In accordance with the Surname Law, Mustafa Kemal was bestowed the surname "Atatürk" (Father of Turks) by the Turkish Grand National Assembly on November 24, 1934.
The Great Leader, Atatürk was elected as the Chairman of the Turkish Grand National Assembly on April 24, 1920 and again on August 13, 1923. This presidential duty was at the level of State and Government Presidency. On October 29, 1923, the Republic was proclaimed and Atatürk was elected the first President. In accordance with the Constitution, presidential elections were repeated once every four years. In 1927, 1931 and 1935, the Turkish Grand National Assembly re-elected Atatürk as president.
Atatürk frequently went on trips throughout the country to check on the state activities on sight. He gave orders to relevant officials concerning delayed activities. As President, he hosted the heads of state, prime ministers and commanders of foreign countries who paid visits to Turkey. Between October 15 and 20, 1927, he gave his Great Speech, which narrates the War of Independence and the foundation of the Republic, and on October 29, 1933, he delivered his Tenth Year Speech.
Atatürk's personal life was a simple one. On January 29, 1923, he married Latife Hanım in İzmir. Together they went on many trips throughout the country. This marriage lasted until August 5, 1925. Atatürk loved children very much and he adopted Afet (İnan), Sabiha (Gökçen), Fikriye, Ülkü, Nebile, Rukiye, Zehra, and Abdurrahim Tunçak, and he also took two boys named Mustafa and İhsan under his protection and prepared a bright future for them.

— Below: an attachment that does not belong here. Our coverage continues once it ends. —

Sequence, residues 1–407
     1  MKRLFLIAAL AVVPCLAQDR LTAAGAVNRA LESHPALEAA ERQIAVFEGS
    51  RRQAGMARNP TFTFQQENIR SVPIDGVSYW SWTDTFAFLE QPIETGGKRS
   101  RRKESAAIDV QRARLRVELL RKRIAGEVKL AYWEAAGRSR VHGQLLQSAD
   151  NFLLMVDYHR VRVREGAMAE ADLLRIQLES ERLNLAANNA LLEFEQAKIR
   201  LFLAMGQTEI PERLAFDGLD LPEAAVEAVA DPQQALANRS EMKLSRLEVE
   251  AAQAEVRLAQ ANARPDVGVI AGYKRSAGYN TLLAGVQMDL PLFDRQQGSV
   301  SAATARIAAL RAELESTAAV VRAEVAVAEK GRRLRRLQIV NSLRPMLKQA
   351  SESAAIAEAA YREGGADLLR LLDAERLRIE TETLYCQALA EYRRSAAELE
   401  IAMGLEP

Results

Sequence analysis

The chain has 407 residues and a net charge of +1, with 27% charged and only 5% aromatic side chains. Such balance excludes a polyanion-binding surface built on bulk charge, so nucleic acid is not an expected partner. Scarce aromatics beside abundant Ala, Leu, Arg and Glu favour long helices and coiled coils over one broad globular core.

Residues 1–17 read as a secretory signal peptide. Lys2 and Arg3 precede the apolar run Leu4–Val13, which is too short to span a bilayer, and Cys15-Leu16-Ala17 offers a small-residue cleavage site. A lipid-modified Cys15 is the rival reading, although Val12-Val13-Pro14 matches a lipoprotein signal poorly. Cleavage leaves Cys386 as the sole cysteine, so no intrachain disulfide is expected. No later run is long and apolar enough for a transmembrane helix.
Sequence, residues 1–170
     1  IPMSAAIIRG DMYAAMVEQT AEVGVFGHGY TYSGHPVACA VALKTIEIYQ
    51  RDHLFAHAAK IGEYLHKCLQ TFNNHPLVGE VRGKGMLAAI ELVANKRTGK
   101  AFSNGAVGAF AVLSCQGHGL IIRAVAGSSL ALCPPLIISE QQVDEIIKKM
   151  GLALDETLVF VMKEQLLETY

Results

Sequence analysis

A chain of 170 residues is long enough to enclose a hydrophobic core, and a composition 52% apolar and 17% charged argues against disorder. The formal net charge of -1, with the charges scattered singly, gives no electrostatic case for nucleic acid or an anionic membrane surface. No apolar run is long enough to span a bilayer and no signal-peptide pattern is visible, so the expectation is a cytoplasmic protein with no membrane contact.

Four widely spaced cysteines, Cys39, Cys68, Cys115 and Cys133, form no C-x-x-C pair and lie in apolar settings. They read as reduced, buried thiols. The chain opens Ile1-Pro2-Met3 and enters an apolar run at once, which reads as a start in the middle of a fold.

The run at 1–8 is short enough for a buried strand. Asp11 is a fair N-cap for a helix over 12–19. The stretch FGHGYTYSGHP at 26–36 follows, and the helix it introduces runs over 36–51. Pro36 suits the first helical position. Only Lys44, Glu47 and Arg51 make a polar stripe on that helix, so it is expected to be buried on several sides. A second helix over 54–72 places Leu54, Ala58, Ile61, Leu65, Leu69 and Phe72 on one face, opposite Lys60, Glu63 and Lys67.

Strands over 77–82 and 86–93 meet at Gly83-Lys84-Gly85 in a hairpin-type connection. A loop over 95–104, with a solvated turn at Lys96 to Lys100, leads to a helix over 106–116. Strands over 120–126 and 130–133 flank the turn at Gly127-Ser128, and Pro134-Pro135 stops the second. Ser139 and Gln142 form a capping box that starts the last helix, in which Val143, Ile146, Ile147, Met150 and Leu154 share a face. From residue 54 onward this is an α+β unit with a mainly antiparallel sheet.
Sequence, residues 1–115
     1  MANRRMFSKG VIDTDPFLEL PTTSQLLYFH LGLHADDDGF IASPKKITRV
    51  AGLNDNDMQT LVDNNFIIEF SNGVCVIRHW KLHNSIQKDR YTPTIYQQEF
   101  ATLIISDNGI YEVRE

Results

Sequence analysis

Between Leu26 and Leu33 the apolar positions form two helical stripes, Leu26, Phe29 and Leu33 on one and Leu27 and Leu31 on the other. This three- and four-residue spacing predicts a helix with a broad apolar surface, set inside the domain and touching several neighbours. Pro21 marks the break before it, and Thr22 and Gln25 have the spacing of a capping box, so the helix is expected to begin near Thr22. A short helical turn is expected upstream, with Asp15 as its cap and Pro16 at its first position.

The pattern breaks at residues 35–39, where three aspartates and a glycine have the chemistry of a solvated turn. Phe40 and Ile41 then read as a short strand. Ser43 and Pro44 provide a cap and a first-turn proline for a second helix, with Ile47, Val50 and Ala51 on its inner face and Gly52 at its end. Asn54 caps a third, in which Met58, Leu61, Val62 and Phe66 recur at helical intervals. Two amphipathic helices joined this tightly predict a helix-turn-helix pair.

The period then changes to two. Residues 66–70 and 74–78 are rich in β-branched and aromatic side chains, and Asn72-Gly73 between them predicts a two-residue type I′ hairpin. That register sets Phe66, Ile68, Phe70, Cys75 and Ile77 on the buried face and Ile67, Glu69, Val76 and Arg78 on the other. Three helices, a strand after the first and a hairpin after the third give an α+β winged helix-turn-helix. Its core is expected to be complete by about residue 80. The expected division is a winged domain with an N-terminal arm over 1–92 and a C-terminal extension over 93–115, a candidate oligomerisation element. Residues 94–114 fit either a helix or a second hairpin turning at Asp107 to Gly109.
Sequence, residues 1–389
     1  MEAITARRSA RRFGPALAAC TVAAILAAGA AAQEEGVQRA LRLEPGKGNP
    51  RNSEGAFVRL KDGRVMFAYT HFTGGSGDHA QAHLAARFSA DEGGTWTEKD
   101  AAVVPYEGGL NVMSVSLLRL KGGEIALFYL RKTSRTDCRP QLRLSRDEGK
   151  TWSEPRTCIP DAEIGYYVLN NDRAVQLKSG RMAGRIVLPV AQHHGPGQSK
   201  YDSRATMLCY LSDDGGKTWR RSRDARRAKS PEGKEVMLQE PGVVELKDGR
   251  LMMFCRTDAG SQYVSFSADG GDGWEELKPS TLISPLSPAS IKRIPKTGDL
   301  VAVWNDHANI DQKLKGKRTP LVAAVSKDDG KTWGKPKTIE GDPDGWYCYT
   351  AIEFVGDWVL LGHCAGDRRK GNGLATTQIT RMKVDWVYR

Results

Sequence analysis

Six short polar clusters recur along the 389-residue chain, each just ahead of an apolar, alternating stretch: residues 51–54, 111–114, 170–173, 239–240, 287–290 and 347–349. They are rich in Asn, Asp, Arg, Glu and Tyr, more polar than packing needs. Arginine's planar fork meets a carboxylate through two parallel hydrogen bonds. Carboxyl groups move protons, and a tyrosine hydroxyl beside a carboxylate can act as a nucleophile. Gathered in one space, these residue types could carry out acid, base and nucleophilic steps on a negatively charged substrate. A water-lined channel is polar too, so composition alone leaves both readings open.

In 1937, he donated his farms to the treasury and some of his property to the Ankara and Bursa Municipalities. From his estate, he spared shares for his sister, his adopted children and the Turkish Language and History Associations. He enjoyed reading, listening to music, dancing, horseback riding and swimming very much. He had an extreme interest in the Zeybek (Western Anatolian) folk dances, the Rumeli (Balkan Peninsula) folk songs and wrestling. He enjoyed playing backgammon and billiards. He put great value on his horse named Sakarya and his dog Fox. He built up a rich library. He invited statesmen, scientists and artists to dinners and debated the current issues of the country with them. He paid great attention to his appearance. He loved nature very much. He frequently went to the Atatürk Forest Farm and personally participated in the activities.
He spoke French and German. He passed away at Dolmabahçe Palace in Istanbul on November 10, 1938 at 9:05 a.m. due to liver cirrhosis. His deceased body was brought with a ceremony to its temporary place of rest at the Ankara Ethnography Museum on November 21, 1938. Upon the completion of Anıtkabir (the mausoleum), his body was buried in its eternal place of rest with a magnificent ceremony on November 10, 1953.